The Ripple CEO said:

Ripple uses the XRP token in our tech stack. We use it to enable that cross-border extremely fast and extremely reliable transaction. We use XRP because of its attributes that make it fast and inexpensive. There are other tokens that people use for other use cases that don’t work as well for payments.

The XRP ledger, from its origins, has really enabled payments at scale… Bitcoin, while it’s very good for digital gold, its speed and cost per transaction make it less attractive for a payment type use case. So, Ripple continues [to use] XRP because [of] its core attributes as a really efficient technology… And I think you’ll see Ripple use the XRP ledger for other use cases as well. We’re certainly making investments, as I mentioned in the carbon credit marketplace, and other verticals that we think could be compelling.

As for his outlook for crypto market for the rest of the year, Garlinghouse said:

I guess [it’s] really hard to know the timing, but I’m incredibly bullish on crypto overall, and frankly that’s because the macro factors, and there’s two that I’ll highlight…

The macro factor on inflation globally… You saw in this past week record inflation in four decades inflation… Inflation in the United States at 8.5%. The other factor — as you and I have talked about the move from crypto overall towards an institutional use case, solving real problems for real customers, and these scaled solutions that aren’t just about speculative activity that has really driven some of the historic crypto market activity.

And regarding crypto regulation in the U.S. and more specifically the lawsuit the U.S. Securities and Exchange Commission (SEC) initiated against Ripple in December 2020, the Ripple CEO had this to say:

The core question there is around a nuanced legal question: is XRP a security and did Ripple sell XRP as an investment contracted? Did Ripple sell unregistered securities? Did I, Brad Garlinghouse, sell XRP as an unregistered security?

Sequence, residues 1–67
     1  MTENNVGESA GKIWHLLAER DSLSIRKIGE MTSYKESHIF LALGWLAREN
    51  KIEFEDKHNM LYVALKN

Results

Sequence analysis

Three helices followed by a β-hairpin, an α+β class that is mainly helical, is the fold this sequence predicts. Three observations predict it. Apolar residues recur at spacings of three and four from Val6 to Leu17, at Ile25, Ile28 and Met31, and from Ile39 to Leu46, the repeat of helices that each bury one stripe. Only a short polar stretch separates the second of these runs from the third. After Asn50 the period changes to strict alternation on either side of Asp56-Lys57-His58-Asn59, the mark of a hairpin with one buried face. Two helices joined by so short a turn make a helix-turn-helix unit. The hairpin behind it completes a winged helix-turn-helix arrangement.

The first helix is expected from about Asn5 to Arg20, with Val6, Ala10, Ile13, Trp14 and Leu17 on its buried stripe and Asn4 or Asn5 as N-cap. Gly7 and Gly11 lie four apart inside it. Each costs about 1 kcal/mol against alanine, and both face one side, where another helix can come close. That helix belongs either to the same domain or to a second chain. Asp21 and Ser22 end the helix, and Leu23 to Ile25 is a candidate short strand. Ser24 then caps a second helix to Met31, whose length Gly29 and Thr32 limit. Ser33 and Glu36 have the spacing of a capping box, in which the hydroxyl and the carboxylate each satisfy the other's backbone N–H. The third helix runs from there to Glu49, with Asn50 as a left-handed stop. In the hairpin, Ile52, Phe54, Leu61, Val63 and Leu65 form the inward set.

I think it’s very clear that in the United States, the laws have not been clear, and for the SEC then to go back in time and say you should have known all along, it’s a hard case. I think what we’re seeing in the court process — which does continue to play out — is a judicial process that recognises some of this.

Even, this past couple days, a ruling from the court finally requiring the SEC to publish information about some speeches that the Director of Corporate Finance Hinman gave about Ether not being a security. And the fact that even now you have the SEC not able to answer the question is Ether a security. They won’t answer that question.

They’re saying there’s clarity, but then they won’t provide clarity. They’re saying they won’t comment on specific projects, but they comment on Bitcoin. Bitcoin is one of the largest projects, but yet still just a project.

And finally, when asked about the Executive Order on “Ensuring Responsible Development of Digital Assets”, which was signed by President Biden on March 9, Garlinghouse stated:

I think it was very significant. I was very positive. Frankly, the leadership we’ve seen outside of the United States in crypto regulation is way ahead of where it has been in the U.S. It’s something we’ve been saying for years, and I think at the core of the executive order from the Biden administration is acknowledging that exact point that the competitiveness of the U.S. in these developing markets around crypto, around blockchain technologies, has fallen behind.

And more and more investment, and more and more talent is going outside the United States. When entrepreneurs here in Paris talk to me about starting companies in the crypto space, one of the first things I’ll recommend to them is you shouldn’t start the company in the United States because there isn’t that clarity… Even for Ripple, we’ll hire over 300 people this year. Well over half of those, I expect to be non-US-based.

According to CNBC’s report, the Ripple CEO also talked about the SEC’s lawsuit against his company (as well as personally against him and Ripple’s Executive Chairman Chris Larsen) during a Fireside Chat (at PBWS 2022) with CNBC reporter Ryan Browner:

The lawsuit has gone exceedingly well, and much better than I could have hoped when it began about 15 months ago… But the wheels of justice move slowly.